Process Window Index

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Process Window Index (PWI) is a statistical measure that quantifies the robustness of a manufacturing process, e.g. one which involves heating and cooling, known as a thermal process. In manufacturing industry, PWI values are used to calibrate the heating and cooling of soldering jobs (known as a thermal profile) while baked in a reflow oven.

PWI measures how well a process fits into a user-defined process limit known as the specification limit. The specification limit is the tolerance allowed for the process and may be statistically determined. Industrially, these specification limits are known as the process window, and values that a plotted inside or outside this window are known as the process window index.

Using PWI values, processes can be accurately measured, analyzed, compared, and tracked at the same level of statistical process control and quality control available to other manufacturing processes.

Statistical process control[edit]

Process capability is the ability of a process to produce output within specified limits.[1] To help determine whether a manufacturing or business process is in a state of statistical control, process engineers use control charts, which help to predict the future performance of the process based on the current process.[2]


Process Window Index for a thermal process. Green blurbs denote that the PWIs are within specification, red depicts out of specification.

To help determine the capability of a process, statistically determined upper and lower limits are drawn on either side of a process mean on the control chart.[2] The control limits are set at three standard deviations on either side of the process mean, and are known as the upper control limit (UCL) and lower control limit (LCL) respectively.[2] If the process data plotted on the control chart remains within the control limits over an extended period, then the process is said to be stable.[2][3]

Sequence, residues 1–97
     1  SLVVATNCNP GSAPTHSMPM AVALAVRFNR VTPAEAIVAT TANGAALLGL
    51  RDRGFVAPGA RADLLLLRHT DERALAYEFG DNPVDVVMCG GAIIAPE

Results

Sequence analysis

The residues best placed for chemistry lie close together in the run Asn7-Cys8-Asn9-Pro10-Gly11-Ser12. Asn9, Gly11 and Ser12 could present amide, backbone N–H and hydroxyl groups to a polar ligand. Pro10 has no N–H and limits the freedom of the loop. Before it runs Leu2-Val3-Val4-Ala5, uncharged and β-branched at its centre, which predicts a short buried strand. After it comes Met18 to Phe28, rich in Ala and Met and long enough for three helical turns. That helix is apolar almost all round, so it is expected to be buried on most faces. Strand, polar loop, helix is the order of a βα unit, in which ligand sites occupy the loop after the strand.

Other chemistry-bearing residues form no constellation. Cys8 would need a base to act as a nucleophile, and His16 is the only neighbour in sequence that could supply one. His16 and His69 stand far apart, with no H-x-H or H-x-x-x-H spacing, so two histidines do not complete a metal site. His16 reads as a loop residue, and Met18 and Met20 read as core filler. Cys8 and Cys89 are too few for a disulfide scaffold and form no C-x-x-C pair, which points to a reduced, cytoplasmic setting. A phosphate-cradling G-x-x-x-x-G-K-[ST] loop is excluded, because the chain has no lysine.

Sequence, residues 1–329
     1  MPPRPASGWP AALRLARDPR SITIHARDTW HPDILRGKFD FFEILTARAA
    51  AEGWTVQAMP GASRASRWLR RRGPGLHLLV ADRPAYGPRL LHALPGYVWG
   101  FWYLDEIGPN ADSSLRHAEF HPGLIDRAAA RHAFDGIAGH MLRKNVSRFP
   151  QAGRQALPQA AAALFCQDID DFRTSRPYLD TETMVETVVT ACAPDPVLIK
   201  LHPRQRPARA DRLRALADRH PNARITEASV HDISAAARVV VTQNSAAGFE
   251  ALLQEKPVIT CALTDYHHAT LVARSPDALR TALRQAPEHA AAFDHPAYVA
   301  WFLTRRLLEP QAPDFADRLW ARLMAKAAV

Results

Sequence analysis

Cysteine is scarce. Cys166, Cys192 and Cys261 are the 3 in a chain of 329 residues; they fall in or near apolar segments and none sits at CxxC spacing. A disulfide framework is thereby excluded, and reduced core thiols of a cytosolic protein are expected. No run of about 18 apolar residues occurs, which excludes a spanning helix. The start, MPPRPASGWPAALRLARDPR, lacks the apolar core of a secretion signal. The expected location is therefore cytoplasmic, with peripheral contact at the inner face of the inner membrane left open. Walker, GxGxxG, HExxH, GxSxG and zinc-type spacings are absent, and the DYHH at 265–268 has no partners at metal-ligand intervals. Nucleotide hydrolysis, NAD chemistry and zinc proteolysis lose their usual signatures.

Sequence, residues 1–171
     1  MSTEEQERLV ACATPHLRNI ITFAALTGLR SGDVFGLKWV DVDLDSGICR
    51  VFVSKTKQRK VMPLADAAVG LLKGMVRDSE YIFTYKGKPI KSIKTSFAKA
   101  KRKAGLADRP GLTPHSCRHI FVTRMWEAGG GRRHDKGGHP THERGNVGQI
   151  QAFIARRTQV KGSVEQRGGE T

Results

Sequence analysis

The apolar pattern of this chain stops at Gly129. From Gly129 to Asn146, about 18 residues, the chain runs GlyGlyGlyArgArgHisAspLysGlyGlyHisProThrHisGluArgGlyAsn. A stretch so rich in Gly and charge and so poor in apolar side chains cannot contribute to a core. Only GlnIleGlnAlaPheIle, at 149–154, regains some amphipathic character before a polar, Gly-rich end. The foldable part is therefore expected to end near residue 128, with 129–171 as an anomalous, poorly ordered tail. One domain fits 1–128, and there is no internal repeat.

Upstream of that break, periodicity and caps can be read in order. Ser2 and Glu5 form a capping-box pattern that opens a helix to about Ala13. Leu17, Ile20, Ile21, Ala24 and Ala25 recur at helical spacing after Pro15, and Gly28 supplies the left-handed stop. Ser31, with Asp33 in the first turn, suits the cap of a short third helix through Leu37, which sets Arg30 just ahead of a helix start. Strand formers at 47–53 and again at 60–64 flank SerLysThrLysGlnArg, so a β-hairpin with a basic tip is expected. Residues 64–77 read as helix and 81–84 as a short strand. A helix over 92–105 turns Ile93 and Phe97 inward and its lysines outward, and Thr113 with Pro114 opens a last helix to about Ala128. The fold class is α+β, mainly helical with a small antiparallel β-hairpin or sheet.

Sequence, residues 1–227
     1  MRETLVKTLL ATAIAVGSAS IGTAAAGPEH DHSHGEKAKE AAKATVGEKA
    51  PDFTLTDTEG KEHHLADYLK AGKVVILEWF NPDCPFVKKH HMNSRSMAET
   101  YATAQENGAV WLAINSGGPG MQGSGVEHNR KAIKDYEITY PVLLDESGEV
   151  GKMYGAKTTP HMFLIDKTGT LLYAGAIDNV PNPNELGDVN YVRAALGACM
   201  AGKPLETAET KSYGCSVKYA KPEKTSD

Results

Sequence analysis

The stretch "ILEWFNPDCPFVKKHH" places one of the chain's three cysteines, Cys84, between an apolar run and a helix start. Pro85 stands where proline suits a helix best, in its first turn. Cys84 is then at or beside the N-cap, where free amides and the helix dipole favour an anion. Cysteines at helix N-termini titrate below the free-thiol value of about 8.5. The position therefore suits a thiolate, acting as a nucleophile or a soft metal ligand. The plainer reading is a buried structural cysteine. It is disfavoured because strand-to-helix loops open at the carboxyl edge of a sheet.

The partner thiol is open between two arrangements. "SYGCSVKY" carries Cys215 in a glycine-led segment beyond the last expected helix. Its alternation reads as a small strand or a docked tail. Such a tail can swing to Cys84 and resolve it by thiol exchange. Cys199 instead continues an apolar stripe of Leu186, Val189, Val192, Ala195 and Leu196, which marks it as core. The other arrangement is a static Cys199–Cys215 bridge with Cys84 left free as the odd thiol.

The tolerance values specified by the end-user are known as specification limits – the upper specification limit (USL) and lower specification limit (LSL) respectively.[2] If the process data plotted on a control chart remains within these specification limits, then the process is considered a capable process, denoted by .[2][3]

Manufacturing industry has developed customized specification limits known as Process Windows. Within this process window, values are plotted. The values relative to the process mean of the window are known as the Process Window Index. By using PWI values, processes can be accurately measured, analyzed, compared, and tracked at the same level of statistical process control and quality control available to other manufacturing processes.[3]

PWI in electronics manufacturing[edit]

A graphical representation of the Process Window Index for a thermal profile

An example of a process to which the PWI concept may be applied is soldering. In soldering, a thermal profile is the set of time-temperature values for a variety of processes such as slope, thermal soak, reflow, and peak.[4]